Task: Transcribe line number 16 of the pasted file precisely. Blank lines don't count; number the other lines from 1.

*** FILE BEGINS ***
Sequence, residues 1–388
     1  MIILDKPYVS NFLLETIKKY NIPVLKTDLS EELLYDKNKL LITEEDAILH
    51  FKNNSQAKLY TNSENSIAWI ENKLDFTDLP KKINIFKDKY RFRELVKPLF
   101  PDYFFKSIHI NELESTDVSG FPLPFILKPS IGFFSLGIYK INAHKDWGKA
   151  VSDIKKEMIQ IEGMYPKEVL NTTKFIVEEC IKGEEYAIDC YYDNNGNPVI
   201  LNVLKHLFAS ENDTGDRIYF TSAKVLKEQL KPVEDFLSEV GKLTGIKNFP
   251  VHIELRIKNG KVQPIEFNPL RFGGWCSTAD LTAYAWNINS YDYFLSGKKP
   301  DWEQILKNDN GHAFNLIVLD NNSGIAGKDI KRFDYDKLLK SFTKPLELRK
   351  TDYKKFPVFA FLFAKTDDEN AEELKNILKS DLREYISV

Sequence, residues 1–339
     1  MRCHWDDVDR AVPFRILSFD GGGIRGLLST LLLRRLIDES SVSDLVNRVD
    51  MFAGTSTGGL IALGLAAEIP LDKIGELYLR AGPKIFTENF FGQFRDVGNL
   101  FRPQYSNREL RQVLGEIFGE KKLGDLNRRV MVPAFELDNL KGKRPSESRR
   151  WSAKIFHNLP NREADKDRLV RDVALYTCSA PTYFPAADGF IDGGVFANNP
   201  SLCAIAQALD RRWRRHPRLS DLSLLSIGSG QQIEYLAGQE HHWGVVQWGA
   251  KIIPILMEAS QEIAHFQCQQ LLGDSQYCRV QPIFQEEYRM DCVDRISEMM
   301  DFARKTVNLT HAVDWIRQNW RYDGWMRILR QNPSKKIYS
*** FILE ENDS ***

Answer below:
   251  KIIPILMEAS QEIAHFQCQQ LLGDSQYCRV QPIFQEEYRM DCVDRISEMM